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Perennial China Retail Trust: 1H 2013 DPU 1.9c.

Saturday, August 10, 2013

Here are some numbers I pulled out:

NAV/unit: 74c
Gearing: 23.74%
Debt Service Ratio: 3.2x

So, what do I think? I did a rather detailed blog post back in February and my view of the Trust has not changed.

Buying into PCRT is really buying into the story that Chinese domestic consumption, at only a third of GDP, will grow and that the Chinese economy will stay strong. We are buying into the Trust's potential to deliver in future.

Right now, I would say that investing in PCRT is still relatively risky although the level of risk is much reduced compared to the time of its IPO.

People who invest for income must realise that much of the distributable income is made up of money from earn-out deeds. It is not cash flow generated from operations of the buildings per se. It is money that is being paid out from guarantees while we wait for the buildings to generate more cash flow.

Based on the earn-out deeds currently available, the Trust is able to continue distributing income to unit holders for another 18 months. Translated, it means that its properties must pick up the slack by end of 2014, everything else remaining equal. Of course, it is unlikely that things will not see any progress and just stand at where they are now.

A more pertinent question is how much improvement can we see? This is really something we cannot say for sure and this comes with the territory when we invest in start ups which is also why I insisted that the distribution yield must be higher for PCRT compared to CRCT for it to be attractive to anyone investing for income. Investing in PCRT arguably is not mainly for income but for growth.

Investors will want see stronger occupancy and evidence of improved cash flow from operations over the next few quarters. The management has to show better results and fast.

See slides presentation: here.

Related post:
Perennial China Retail Trust: DPU 1.96c.


ZHANG Zheng said...

Thank you for sharing your views on PCRT.

The shops in Shenyang Longemont Shopping Mall in PCRT has already opened for some time. I dont understand why there is no gross revenue for 1H2013 (page 21 of the presentation slides), as the shops are supposed to pay rental. Do you have any ideas?

Thank you.

AK71 said...

Hi Zhang Zheng,

I am sure that there is cash flow generated from operating activities.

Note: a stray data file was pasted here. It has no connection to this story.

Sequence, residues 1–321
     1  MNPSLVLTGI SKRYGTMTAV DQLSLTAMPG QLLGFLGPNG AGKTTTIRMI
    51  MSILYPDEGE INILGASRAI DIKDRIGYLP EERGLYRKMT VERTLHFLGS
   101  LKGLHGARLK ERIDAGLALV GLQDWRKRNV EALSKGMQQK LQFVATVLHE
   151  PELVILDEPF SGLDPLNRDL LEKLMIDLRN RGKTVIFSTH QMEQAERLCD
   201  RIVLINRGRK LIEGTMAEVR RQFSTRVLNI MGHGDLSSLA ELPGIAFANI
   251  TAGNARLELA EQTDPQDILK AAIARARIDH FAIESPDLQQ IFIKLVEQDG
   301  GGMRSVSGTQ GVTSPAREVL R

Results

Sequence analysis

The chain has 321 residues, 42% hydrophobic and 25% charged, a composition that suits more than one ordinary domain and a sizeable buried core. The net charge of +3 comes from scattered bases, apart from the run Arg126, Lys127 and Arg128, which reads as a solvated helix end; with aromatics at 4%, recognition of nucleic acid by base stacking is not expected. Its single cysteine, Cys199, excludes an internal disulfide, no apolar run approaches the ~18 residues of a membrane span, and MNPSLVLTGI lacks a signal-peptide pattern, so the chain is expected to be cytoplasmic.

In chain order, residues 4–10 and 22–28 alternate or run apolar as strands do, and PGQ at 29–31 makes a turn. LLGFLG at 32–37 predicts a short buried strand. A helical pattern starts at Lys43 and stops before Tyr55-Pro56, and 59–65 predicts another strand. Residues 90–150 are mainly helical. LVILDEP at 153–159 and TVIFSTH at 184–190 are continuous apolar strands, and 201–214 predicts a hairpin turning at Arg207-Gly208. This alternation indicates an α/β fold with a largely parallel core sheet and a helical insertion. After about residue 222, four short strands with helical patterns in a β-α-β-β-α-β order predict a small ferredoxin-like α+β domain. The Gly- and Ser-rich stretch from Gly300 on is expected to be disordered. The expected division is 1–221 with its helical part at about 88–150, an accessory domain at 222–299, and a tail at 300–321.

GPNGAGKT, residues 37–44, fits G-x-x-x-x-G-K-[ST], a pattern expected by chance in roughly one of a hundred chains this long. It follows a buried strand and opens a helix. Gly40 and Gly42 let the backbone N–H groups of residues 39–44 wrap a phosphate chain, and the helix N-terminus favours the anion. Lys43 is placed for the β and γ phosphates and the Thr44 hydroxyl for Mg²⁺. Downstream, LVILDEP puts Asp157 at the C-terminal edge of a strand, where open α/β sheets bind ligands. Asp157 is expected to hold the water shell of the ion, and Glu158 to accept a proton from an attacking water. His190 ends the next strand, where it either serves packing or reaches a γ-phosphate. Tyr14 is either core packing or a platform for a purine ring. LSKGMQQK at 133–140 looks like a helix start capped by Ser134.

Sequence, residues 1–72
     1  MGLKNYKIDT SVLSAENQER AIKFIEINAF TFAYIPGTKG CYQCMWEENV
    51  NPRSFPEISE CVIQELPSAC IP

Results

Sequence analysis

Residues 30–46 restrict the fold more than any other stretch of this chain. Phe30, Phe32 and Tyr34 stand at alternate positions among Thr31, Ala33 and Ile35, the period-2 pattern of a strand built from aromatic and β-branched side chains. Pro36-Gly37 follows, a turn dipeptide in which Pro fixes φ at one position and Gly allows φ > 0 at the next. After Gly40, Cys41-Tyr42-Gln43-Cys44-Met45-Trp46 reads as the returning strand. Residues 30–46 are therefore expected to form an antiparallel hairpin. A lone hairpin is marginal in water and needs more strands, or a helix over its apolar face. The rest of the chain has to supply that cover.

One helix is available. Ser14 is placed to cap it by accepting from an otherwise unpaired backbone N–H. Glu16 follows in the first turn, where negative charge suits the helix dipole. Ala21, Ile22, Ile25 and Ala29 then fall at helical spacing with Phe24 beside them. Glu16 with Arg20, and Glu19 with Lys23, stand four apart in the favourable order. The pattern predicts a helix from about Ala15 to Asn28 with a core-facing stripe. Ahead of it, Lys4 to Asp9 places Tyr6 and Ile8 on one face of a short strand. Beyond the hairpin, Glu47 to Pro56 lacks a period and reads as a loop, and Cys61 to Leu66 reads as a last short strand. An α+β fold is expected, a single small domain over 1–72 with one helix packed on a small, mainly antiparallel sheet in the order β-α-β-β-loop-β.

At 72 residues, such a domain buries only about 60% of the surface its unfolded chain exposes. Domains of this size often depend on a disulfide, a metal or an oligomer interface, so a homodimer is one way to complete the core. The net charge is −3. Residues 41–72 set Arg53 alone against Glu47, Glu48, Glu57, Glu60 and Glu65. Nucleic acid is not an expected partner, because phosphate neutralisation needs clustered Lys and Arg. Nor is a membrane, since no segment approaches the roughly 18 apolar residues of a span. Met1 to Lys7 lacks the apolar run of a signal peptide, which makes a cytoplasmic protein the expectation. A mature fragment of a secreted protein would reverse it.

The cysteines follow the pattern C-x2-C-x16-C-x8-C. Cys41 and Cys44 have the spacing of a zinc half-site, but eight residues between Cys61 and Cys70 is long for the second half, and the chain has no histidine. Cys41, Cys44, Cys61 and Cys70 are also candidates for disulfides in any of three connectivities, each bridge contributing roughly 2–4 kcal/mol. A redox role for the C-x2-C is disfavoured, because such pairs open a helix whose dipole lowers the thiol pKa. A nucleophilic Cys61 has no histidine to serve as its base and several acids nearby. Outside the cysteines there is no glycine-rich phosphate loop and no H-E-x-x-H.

In FY 2012, a total of S$ 43.6 million was distributed to unit holders. However, cash flow from operating activities was only S$ 16.3 million. This demonstrates the importance of the earn-out deeds.

I would have liked to see the cash flow statement this time too but it is not available. I wonder why. Perhaps, we will see it when the Trust closes FY 2013.

Solace said...

Hi Ak,

i am a shareholder of PCRT, with average price of 50cents invested in this stock. i have done my own analysis and this how i see it

key advantages
1. Ride on China’s long term consumption and urbanization trend, with key properties located in faster growth major 2nd tier cities
2. Strategically sited on cities’ expanding edges with easy accessibility by subway lines (operational or planned)
3. Leasing activities expected to improve in the completed properties
4. Experienced management team – Mr. Pua Seck Guan

1. Longer than expected gestation period
2. Difficulty in debt refinancing
3. China’s economic growth slows down

AK71 said...

Hi Solace,

Thanks for the point by point analysis. Succinct. :)

I am more concerned with whether the Trust is able get most of its properties up and running by end 2014. Of course, it will have to improve on occupancy rates as well. I need to see it being able to support the income distribution to unit holders with its cash flow from operations alone.

However, if we remember, the Trust did state that pay out to unit holders will half at some stage of development. Now, if this should happen, then, based on 2012's numbers, I think cash flow from operations was almost enough.

As for risk of refinancing, I am not really concerned because the gearing level is relatively low. Also, the Trust could always do a rights issue and if that should happen, it would be at a discount to the last traded price. Of course, I will have to see how the rights are priced if it should happen.

The Chinese economy is huge and even if it should slow down, it will not go into a recession. In the GFC, only 3 economies in Asia did not suffer a recession and China's was one of them. So, a slower pace of growth might affect the Trust's growth but it shouldn't derail it.

Anyway, at 50c a share, I believe you have a nice margin of safety, a 32.5% discount to NAV and a 7.6% yield (which could potentially half to 3.8%). I am in the same boat. :)

Solace said...

Hi AK,

PCRT chart looks nice today. :)

I am making a partial divestment if it hits close 62 cents. I am cautious about the trust moving forward in the future.

I have collected dividends for couple of years alr, plus if I make a partial divestment this time, any remaining shares will be just profit from PCRT.

AK71 said...

Hi Solace,

That seems prudent. I sold about 30% of my long position at 61.5c when its unit price ran up earlier this year. I could possibly sell half of my remaining long position if that level should be tested again. :)

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